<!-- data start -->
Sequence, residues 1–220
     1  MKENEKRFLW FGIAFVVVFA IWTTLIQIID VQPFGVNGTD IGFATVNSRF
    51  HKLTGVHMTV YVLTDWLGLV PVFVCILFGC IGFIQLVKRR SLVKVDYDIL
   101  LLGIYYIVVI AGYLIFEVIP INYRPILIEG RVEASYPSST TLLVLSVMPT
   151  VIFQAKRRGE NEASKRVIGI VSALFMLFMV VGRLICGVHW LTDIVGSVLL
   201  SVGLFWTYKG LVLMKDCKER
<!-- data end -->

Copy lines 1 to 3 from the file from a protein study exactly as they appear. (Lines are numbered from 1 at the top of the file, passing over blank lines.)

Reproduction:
Sequence, residues 1–220
     1  MKENEKRFLW FGIAFVVVFA IWTTLIQIID VQPFGVNGTD IGFATVNSRF
    51  HKLTGVHMTV YVLTDWLGLV PVFVCILFGC IGFIQLVKRR SLVKVDYDIL